Summer fruits can help you stay hydrated and prevent heat strokes. With rising temperatures around the globe and harsh summers expected due to the El Nino effect, staying hydrated and cool can help prevent strokes and other heat-related illnesses.
Fruits and vegetables contain essential vitamins, minerals and antioxidants along with a significant amount of water. All these components are essential in the maintenance of electrolyte balance in the body.
Drinking only water does more harm, as it dilutes the minerals present in blood. In this article, we discuss how summer fruits can keep you safe from the summer heat.
Table of Contents
List of best summer fruits
Summer fruits that might help prevent heat strokes, dehydration and nausea include:
- Sweet Lime
Try to include as much of these summer fruits as possible to beat the heat and maintain the ideal core body temperature.
How to prevent heat stroke? Pathophysiology
Heatstroke is a medical condition caused by overheating of the body due to prolonged exposure to high temperatures.
Heatstroke can occur if the body temperature rises to 104 degrees F (40 degrees C) or higher. It's most prevalent in the summer months, especially in tropical countries. Summer fruits, including watermelons, are a great way to maintain core body temperature and prevent fluid loss.
Common signs and symptoms of heatstroke include:
- High body temperature: A core body temperature of 104 degrees F (40 degrees C) or higher is usually associated with this condition.
- Altered behavior: Confusion, agitation, slurred speech, irritability, delirium, seizures and coma occurs after prolonged heat exposure.
- Less sweating: In case of a heatstroke, the body is generally unable to maintain core body temperature, and the sweating mechanism is usually impaired or reduced.
- Nausea and vomiting: Nausea is one of the most common symptoms of a heat stroke.
- Flushed skin: Skin can get a reddish tinge at higher temperatures.
- Rapid breathing: Anyone who has got a heatstroke show rapid breathing.
- Elevated heart rate: The pulse rate increases as the body tries to reduce the core body temperature by increasing blood circulation.
- Headache: This is another common symptom associated with heatstrokes.
Heat strokes can be prevented by avoiding high temperatures. If exposed to heat, it's best to try out easy and simple remedies to reduce the core body temperature. Adequate fluid intake, consumption of summer fruits and wearing light and well-ventilated clothes help significantly.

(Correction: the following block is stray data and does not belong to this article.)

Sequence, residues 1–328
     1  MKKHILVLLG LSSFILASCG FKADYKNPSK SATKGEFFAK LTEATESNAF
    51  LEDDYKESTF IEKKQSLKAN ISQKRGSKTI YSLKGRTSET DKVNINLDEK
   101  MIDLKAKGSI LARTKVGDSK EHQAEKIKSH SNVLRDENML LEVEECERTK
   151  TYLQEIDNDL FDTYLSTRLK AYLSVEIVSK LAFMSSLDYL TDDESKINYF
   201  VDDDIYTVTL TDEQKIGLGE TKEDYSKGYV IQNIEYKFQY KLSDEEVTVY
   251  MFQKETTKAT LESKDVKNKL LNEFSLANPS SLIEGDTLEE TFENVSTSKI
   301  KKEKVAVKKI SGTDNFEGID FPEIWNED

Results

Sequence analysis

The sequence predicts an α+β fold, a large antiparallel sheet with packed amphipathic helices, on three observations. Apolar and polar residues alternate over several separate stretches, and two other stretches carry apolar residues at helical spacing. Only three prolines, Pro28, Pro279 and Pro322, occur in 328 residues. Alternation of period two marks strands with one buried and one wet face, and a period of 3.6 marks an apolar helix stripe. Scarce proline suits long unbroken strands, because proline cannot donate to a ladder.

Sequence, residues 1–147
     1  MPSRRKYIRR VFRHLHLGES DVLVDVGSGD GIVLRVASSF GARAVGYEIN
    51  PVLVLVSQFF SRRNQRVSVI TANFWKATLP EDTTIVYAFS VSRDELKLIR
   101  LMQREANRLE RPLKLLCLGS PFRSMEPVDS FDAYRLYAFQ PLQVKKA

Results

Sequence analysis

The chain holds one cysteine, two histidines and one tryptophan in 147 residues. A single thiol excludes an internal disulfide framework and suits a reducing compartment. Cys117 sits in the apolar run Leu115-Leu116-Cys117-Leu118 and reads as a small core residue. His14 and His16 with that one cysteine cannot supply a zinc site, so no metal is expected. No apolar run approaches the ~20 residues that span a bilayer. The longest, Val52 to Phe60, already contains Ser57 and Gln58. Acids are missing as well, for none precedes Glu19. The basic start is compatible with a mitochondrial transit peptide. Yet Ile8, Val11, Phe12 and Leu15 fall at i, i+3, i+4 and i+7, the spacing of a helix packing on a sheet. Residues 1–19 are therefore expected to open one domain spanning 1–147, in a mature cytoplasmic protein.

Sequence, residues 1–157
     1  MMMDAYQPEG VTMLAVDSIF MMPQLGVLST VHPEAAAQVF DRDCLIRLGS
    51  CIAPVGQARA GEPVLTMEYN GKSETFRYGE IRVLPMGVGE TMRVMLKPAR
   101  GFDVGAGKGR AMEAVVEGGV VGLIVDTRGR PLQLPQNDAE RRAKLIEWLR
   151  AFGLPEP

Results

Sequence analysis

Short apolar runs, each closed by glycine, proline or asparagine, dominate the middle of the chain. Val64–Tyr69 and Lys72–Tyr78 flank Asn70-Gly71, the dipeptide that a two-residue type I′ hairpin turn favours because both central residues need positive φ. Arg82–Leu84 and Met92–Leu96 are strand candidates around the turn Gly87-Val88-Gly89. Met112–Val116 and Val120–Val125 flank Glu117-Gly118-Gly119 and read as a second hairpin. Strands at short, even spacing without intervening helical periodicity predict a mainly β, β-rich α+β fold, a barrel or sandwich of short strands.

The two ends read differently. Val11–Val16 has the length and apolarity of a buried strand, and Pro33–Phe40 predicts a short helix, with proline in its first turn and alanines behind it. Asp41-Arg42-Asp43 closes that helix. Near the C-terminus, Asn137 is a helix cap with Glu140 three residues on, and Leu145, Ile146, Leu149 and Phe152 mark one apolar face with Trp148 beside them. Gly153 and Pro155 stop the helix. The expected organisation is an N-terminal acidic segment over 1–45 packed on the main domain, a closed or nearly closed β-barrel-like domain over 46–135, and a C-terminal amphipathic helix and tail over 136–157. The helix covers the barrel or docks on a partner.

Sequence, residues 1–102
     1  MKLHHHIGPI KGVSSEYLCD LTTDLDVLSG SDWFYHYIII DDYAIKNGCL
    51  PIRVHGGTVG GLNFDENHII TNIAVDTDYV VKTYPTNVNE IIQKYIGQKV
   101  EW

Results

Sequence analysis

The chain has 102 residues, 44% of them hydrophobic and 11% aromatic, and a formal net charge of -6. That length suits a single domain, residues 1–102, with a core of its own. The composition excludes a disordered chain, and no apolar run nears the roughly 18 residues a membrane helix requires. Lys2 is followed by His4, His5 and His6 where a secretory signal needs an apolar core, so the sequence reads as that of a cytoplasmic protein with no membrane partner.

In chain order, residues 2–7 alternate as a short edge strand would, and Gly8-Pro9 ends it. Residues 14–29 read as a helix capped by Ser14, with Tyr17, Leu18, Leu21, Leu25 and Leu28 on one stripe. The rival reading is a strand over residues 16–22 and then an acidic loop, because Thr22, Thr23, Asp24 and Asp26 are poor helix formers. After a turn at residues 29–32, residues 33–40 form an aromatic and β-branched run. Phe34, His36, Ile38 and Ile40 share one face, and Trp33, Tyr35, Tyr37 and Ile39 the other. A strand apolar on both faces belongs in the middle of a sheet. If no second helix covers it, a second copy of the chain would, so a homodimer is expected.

Summer Kiss Melon to keep you hydrated
Summer Kiss melons (Cucumis melo) are among the best summer fruits belonging to the Cucurbitaceae family.
The branding was developed by Savor Fresh Farms in Yuma, Arizona. The brand also includes Honey Kiss, Sugar Kiss, Kiss Limon, Golden Kiss, Snow Kiss and an older variety once known as French Kiss.
A kiss melon of around 134 grams provides:
- Total calories: 50 kcal
- Carbohydrates: 11 grams
- Total fat: 0 gram
- Fiber: 1 gram
- Protein: 1 gram
- Sugars: 11 grams
- Cholesterol: 0 mg
- Sodium (Na): 25 mg
- Potassium (K): 0 mg
- Folate - Iron (Fe): 2% of Daily Value (DV)
- Vitamin A: 100% of DV
- Vitamin C: 80% of DV
Each melon has a distinct flavor and texture. Summer Kiss melons are naturally cultivated and not genetically modified. They're harvested by hand to maintain quality. Summer Kiss melons are best consumed fresh and are considered among the best summer fruits.
Fresh summer peaches to beat the heat
Fresh summer peaches are among the best summer fruits to prevent heat strokes and dehydration.
Peaches are an excellent source of vitamin C, fiber and vitamin A. According to the U.S. Department of Agriculture, a small peach (approximately 130 grams) provides:
- Calories: 51 kcal
- Fat: 0.3 grams
- Sodium: 0 mg
- Carbohydrates: 12.4 grams
- Fiber: 1.9 grams
- Sugars: 10.9 grams
- Protein: 1.2 grams
- Vitamin A: 20.8 mcg
- Vitamin C: 8.6 mg
- Vitamin E: 0.9 mg
Consume them as they are, or add them to a refreshing shake to beat the heat this summer.
Indranil Biswas is a nutritionist and personal trainer with a diploma in dietetics and personal training with a specialization in sports nutrition and strength training.
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